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Core Carbon Principles: Clear Rules for Carbon Markets at Last?

By David Oliver

As the world moves towards more sustainable practices and greater focus is placed on addressing climate change, carbon credits have emerged as a key tool in the transition towards net-zero.

Carbon credits, which represent a reduction or removal of a metric tonne of carbon dioxide equivalent (CO2e) from the atmosphere, can be bought and sold in the carbon market to offset emissions and support projects that contribute to sustainable development. In recent years, various quality labels and certification programs have been established to ensure the environmental integrity of carbon credits and provide transparency to buyers and investors.

One of the challenges this creates, however, is a lack of harmonization and standardization among different quality labels and certification programs. Each program has its own set of criteria, methodologies, and verification processes, which can vary widely in terms of rigor and stringency. This lack of consistency can create confusion among buyers and investors, and make it difficult to compare and assess the quality of carbon credits from different programs.

The Core Carbon Principles (CCPs), released by the Integrity Council of Voluntary Carbon Markets (ICVCM) on March 31st of this year, promise to change that. The CCPs are a set of criteria developed by a group of leading carbon market stakeholders, including governments, NGOs, and industry representatives, with the aim of establishing a common standard for carbon credit programs, thereby harmonizing the market and ensuring a level playing field for all participants. However, achieving this harmonization will require careful coordination and cooperation among different stakeholders, and it remains to be seen how effectively CCPs can achieve this objective. Carbon market experts are currently discussing and debating how CCPs will interact with existing quality labels, as well as how they might impact voluntary carbon credit transactions under Article 6.2 of the Paris Agreement.

Let’s look at the CCP criteria a bit more closely.

CCP criteria are divided into three categories: Governance (criteria 1-4), Emission Impact (criteria 5-8), and Sustainable Development (criteria 9-10). The Governance criteria focus on the structure and integrity of the program authority, including its legal status, governance structure, and financial management. The Emission Impact criteria assess the environmental integrity of the carbon credits, including their additionality, permanence, and accuracy of measurement. The Sustainable Development criteria consider the social and environmental co-benefits of the projects generating the carbon credits, including their contribution to sustainable development goals, stakeholder engagement, and local community benefits.

Governance Effective Governance The carbon-crediting program shall have effective program governance to ensure transparency, accountability, continuous improvement and the overall quality of carbon credits.
Tracking The carbon-crediting program shall operate or make use of a registry to uniquely identify, record and track mitigation activities and carbon credits issued to ensure credits can be identified securely and unambiguously.
Transparency The carbon-crediting program shall provide comprehensive and transparent information on all credited mitigation activities. The information shall be publicly available in electronic format and shall be accessible to non-specialized audiences, to enable scrutiny of mitigation activities.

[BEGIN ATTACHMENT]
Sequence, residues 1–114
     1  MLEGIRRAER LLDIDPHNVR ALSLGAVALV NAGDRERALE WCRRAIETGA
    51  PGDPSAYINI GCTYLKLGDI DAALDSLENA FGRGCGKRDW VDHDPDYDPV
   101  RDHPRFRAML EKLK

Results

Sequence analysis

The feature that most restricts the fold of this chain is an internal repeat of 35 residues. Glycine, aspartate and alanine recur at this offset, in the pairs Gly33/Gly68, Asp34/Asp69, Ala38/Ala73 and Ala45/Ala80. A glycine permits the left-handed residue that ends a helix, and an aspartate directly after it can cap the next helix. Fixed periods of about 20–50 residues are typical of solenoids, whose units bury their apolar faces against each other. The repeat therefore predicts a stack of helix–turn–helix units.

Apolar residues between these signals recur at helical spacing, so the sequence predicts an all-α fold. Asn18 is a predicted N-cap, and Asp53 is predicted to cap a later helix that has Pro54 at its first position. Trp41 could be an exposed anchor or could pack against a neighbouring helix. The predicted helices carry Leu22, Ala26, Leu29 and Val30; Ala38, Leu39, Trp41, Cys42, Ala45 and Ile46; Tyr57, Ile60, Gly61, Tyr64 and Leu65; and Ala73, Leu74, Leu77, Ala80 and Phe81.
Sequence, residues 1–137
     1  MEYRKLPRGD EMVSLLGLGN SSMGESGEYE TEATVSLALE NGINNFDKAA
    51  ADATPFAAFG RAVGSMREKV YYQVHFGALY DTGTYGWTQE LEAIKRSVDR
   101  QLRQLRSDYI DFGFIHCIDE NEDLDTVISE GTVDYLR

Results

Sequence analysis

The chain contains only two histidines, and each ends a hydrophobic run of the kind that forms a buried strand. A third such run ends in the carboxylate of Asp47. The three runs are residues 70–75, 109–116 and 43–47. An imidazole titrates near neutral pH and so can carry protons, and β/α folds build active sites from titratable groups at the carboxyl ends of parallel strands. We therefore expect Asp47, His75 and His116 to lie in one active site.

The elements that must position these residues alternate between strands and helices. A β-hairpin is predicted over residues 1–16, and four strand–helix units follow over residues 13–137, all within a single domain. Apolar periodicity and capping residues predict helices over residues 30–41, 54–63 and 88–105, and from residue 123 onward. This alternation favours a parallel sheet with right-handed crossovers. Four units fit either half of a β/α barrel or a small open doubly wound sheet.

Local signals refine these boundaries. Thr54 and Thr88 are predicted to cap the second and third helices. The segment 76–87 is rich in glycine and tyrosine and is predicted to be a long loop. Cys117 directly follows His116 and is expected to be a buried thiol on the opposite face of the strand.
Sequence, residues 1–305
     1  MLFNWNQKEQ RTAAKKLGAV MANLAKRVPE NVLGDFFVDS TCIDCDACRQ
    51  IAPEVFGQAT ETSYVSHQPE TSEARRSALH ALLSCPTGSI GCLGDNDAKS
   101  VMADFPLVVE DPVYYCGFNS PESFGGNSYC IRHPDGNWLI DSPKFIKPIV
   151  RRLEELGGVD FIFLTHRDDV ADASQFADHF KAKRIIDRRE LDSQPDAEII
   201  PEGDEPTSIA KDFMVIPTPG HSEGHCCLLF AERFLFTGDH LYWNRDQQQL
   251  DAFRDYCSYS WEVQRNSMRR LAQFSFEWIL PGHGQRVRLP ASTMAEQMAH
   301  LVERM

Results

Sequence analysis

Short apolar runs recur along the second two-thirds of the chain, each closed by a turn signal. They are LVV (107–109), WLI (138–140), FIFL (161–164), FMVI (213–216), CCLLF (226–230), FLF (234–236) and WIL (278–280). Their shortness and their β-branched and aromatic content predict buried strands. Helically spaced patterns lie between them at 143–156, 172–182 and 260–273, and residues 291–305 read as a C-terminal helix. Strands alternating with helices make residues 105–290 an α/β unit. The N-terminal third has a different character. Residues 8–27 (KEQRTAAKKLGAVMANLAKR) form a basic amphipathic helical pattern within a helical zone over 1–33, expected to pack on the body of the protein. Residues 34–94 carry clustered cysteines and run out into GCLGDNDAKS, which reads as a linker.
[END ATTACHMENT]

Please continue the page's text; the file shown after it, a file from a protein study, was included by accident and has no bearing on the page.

Robust independent third-party validation and verification The carbon-crediting program shall have program-level requirements for robust independent third-party validation and verification of mitigation activities.
Emissions Impact Additionality The greenhouse gas (GHG) emission reductions or removals from the mitigation activity shall be additional, i.e., they would not have occurred in the absence of the incentive created by carbon credit revenues.
Permanence The GHG emission reductions or removals from the mitigation activity shall be permanent or, where there is a risk of reversal, there shall be measures in place to address those risks and compensate reversals.
Robust quantification of emission reductions and removals The GHG emission reductions or removals from the mitigation activity shall be robustly quantified, based on conservative approaches, completeness and scientific methods.
No double counting The GHG emission reductions or removals from the mitigation activity shall not be double counted, i.e., they shall only be counted once towards achieving mitigation targets or goals. Double counting covers double issuance, double claiming, and double use.
Sustainable Development Sustainable development benefits and safeguards The carbon-crediting program shall have clear guidance, tools and compliance procedures to ensure mitigation activities conform with or go beyond widely established industry best practices on social and environmental safeguards while delivering positive sustainable development impacts.
Contribution toward net zero transition The mitigation activity shall avoid locking-in levels of GHG emissions, technologies or carbon-intensive practices that are incompatible with the objective of achieving net zero GHG emissions by mid-century.

Upon closer examination, it is evident that the CCP criteria are similar to the existing criteria of well-established offset programs and quality labels, such as the Global Carbon Council (GCC), or the Verified Carbon Standard (VCS) and its Sustainable Development Verified Impact Standard (SD Vista) label. The VCS is a widely recognized and widely used voluntary carbon credit standard that has been in operation for over a decade. The SD Vista label provides additional assurance on the sustainable development aspects of carbon credits, similar to the Sustainable Development criteria of CCPs. Additionally, the Global Carbon Council (GCC) has also developed its own quality labels in relation to credits’ alignment to the UN’s Sustainable Development Goals (SDGs). It is expected that these established programs, such as VCS, GCC and Gold Standard, will be among the first to align with CCP criteria and become “CCP-compliant” programs.